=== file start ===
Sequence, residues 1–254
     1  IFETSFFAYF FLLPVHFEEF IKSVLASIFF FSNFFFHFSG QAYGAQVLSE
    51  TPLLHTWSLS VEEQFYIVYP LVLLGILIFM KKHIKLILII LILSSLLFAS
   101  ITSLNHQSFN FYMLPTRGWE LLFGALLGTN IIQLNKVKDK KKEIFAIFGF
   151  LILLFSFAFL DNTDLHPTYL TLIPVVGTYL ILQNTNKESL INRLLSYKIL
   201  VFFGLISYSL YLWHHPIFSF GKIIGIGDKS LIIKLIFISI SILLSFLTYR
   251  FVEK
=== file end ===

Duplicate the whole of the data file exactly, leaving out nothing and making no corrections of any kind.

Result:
Sequence, residues 1–254
     1  IFETSFFAYF FLLPVHFEEF IKSVLASIFF FSNFFFHFSG QAYGAQVLSE
    51  TPLLHTWSLS VEEQFYIVYP LVLLGILIFM KKHIKLILII LILSSLLFAS
   101  ITSLNHQSFN FYMLPTRGWE LLFGALLGTN IIQLNKVKDK KKEIFAIFGF
   151  LILLFSFAFL DNTDLHPTYL TLIPVVGTYL ILQNTNKESL INRLLSYKIL
   201  VFFGLISYSL YLWHHPIFSF GKIIGIGDKS LIIKLIFISI SILLSFLTYR
   251  FVEK